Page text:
Monthly Archives: November 2016

Feelings, those damned feelings


Has it really been NINE months since I’ve last written on my blog? Gee, nine months. Wonder what ELSE takes nine months…oh yeah: birth.

Anyone remember the TV show Ben Casey? The opening line was “Birth, Death, Infinity.” That’s the true order of things. I was born many, many years ago. That was the beginning of the ride. Now, I’m facing death, and a whole lot of it recently.

My mom died on October 8th, just over a month ago, at the ripe old age of 97. The last few years of her life were rough. She had delusions. She feared that someone or someones were out to kill her. There was no good way of consoling her or denying her reality. It would be like someone telling me my dogs were cats. In her brain, those delusions were REAL.

She’d had a difficult life. Born and raised in a tiny town in Hungary, she was a Jew when anti-Semitism was alive and well in her country and in the entire continent of Europe. Her parents, my grandparents, ran the town’s bakery.

When her parents were no longer able to work, courtesy of Nazi Laws in Hungary, my mother and two sisters moved to Budapest to find jobs and to send money back to the rest of their family. To hide their Jewish affiliation, one of the sisters managed to get them all false Christian papers.

Mom managed to survive as a hidden Jew until someone voiced suspicions to the authorities. The gendarmes revoked her paperwork and took it back to headquarters to verify the authenticity. Meanwhile, Mom waited for them to return and to take her into custody. She said she wasn’t afraid to die. She was afraid of being tortured.

What I’m getting to is that, in her past, there were MANY someones who she feared were coming to kill her. These later in life delusions might have been fears she’d repressed from those horrible days in Hungary. Her parents, brother, sister and her family were murdered in Auschwitz.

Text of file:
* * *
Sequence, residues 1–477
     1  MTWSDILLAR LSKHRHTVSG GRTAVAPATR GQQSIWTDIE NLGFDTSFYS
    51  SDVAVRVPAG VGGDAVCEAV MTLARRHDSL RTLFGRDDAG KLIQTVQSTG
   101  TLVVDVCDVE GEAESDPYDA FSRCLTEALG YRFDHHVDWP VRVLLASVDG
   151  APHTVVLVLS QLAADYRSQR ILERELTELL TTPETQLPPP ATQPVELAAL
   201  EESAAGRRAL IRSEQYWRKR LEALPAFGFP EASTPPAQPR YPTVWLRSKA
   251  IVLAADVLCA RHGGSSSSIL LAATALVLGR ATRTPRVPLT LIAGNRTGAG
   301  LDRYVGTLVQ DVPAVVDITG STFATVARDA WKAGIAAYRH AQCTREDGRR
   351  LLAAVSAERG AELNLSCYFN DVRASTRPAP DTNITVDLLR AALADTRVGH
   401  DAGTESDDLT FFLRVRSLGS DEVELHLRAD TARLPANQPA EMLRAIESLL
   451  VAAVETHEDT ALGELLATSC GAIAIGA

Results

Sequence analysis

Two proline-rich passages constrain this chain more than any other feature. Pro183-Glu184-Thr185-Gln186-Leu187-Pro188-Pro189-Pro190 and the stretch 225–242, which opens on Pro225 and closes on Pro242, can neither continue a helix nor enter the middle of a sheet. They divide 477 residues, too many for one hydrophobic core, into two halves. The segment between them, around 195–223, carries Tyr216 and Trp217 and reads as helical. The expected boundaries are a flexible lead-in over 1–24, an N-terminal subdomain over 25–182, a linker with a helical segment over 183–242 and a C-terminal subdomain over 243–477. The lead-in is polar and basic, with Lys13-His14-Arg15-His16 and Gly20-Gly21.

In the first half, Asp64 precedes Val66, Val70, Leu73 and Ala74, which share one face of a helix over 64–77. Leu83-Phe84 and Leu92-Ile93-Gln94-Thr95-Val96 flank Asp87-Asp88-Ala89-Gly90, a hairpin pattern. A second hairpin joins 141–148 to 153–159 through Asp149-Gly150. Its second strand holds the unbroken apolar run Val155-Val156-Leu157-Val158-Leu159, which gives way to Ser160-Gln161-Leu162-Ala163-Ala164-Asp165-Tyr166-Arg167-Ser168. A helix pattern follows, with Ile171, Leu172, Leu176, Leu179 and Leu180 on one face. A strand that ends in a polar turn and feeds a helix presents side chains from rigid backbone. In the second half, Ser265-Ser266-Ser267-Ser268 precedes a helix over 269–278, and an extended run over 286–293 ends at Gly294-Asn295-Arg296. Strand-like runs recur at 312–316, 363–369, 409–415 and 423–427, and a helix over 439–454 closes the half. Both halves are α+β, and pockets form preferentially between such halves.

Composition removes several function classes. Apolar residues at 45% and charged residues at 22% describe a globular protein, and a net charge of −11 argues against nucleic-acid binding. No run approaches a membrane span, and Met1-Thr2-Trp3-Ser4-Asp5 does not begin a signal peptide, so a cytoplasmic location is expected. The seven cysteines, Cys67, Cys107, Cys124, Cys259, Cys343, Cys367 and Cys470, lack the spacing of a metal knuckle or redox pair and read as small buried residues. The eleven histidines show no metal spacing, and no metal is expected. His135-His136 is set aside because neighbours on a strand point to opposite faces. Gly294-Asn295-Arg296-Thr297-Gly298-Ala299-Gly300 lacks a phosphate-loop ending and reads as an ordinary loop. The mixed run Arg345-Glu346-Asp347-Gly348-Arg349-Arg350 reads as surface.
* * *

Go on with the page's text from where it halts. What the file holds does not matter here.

Unlike today, people in the late 1940’s and ’50’s didn’t share everything that was on their minds. They had no access to facebook, and going to see a psychologist to “process” what had happened was not an option. So she did what most “sane” people did under those circumstances: she shoved those fears down, way down into her subconscious.

I suspect in her later years, those memories broke free from the web of horrible memories and emerged as real “boogey men.”

Towards the end of her life, Mom was incredibly hard to be around. She locked her house with chains around the door handle. She wouldn’t let anyone she didn’t know really well come into her place because she was certain they were stealing from her.

At one point, she was certain her neighbor in Leisure World was sending ants carrying poison on their backs into her home. She suspected the ants had spread the poison onto all her dishes and food, so she had stopped eating. She smelled gas in her bathroom and was certain someone was piping it into her ventilation system.

She wanted to move, and she wanted to move immediately. VERY long story short, under intense pressure, I quickly located a senior living home with only four residents fifteen minutes from my home.